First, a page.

When a Museum Visit Goes Wrong…

When a museum visit goes wrong and how to make it rightI really try to practice what I preach (about young children belonging in museums) and get my 1yr old son into museums regularly.  I’d say on average we go downtown about twice a month and explore one of the museums along the Mall.  Yesterday, we’d arranged to meet a friend and her 1yr old at the National Gallery of Art.  I realized this was the first time he had been back to an art museum since he started walking…and was no longer content to just look at things from his stroller.

I’ll say up front it was not our best museum visit.  I did some things right (we went with a sympathetic friend, had no agenda for what we “had” to see, brought snacks).  I also did some things wrong (he is teething and transitioning to one nap and I pushed through despite his fragile state that morning).  However, I realized that my biggest problem was that we had not practiced for this type of museums.

Most days, we don’t have to worry about noise level, he only has to hold my hand when we cross a street and a colorful pile of stuff in the middle of the floor are toys he can play with.  At the National Gallery of Art, it is better if he holds my hands and we talk in a lower voice in the galleries and the colorful things on the floor are priceless Calder stabiles.

Needless to say, I was a bit tense, he was resistant to holding my hand and therefore both of us were distracted and couldn’t enjoy the experience fully.  In fact, we ended up bailing early.

Not that there weren’t bright spots!  He lay down on a bench in the Calder room and gazed up at the spinning forms with a huge grin on his face.  We rode back and forth on a moving sidewalk under a light installation and watched the lights “chase” us and had a fun snack watching the waterfall cascade by the window.  It just showed me that I needed to prep both of us better for our next visit.

Any time a child (or adult really) visits a new place they want and need to know the expectations.  If you do a little ground work in advance it can make the visit go so much more smoothly.  For my family, we are comfortable in the National Museum of American History and museums like it, but art museums are less familiar and comfortable for us.  Every family has a different comfort level, but the same basic steps can apply.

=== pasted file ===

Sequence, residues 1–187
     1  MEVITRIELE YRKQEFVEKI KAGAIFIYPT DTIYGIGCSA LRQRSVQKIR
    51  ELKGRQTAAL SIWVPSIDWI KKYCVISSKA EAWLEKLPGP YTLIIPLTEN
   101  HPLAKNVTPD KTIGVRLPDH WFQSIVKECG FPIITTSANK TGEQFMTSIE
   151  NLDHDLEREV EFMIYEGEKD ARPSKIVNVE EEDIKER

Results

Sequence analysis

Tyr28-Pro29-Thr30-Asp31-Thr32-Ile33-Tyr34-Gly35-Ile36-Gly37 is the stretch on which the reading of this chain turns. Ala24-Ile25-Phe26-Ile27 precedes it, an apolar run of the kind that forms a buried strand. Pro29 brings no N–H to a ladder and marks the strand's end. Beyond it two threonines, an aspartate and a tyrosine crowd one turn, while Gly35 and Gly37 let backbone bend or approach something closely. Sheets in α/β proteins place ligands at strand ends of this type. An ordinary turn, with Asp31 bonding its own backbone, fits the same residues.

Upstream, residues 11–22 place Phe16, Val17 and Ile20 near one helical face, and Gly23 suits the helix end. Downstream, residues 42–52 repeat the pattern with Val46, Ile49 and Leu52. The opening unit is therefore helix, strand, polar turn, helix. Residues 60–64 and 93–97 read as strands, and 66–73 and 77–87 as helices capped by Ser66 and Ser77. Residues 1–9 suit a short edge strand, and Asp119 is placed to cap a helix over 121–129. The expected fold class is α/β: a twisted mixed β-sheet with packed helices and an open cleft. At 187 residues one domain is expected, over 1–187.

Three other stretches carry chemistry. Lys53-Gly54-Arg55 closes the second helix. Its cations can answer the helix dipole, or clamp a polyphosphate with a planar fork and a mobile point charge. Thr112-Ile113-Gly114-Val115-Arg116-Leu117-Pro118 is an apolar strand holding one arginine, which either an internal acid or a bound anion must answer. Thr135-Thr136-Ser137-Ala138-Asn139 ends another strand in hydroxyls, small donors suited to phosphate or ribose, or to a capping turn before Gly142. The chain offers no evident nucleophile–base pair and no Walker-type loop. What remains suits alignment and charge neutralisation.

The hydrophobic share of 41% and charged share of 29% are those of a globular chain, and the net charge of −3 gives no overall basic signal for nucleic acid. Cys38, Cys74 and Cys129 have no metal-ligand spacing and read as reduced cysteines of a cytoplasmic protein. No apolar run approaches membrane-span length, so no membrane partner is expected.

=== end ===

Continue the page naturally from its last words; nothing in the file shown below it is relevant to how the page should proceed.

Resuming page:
In our case, my son and I will practice holding hands and staying close together (in situations other than crossing a road). I’ll show him times where you can look but not touch and explain it with a phrase I can easily repeat in the museum.  When I taught preschool we had three “museum manners” we taught the kids.  1. Catch a bubble (keep a quiet voice by pretending to hold a bubble in your mouth). 2. Hands in your pockets or on your tummy (to remind you not to touch) 3. Quiet bodies/walking feet.  He is too young to independently remember all of those, but we will start laying the groundwork for them.

We will go back to the art gallery often and pick rooms to start with that just show things on the wall or behind glass.  Then we will work up to sculptures lying loose on the floor.  I won’t hesitate to leave, or put him in his stroller, to keep it fun for both of us AND reinforce the rules.  I’ll respect his schedule and mine.

Mostly though, we will keep going so it becomes as familiar to him as our backyard, with rules that are just as intuitive.  It wasn’t a perfect visit, but at least I have a road map for our next steps.

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One Response to When a Museum Visit Goes Wrong…

  1. Pingback: A Lesson on Simple Machines…Simply Worked! | Cabinet of Curiosities LLC

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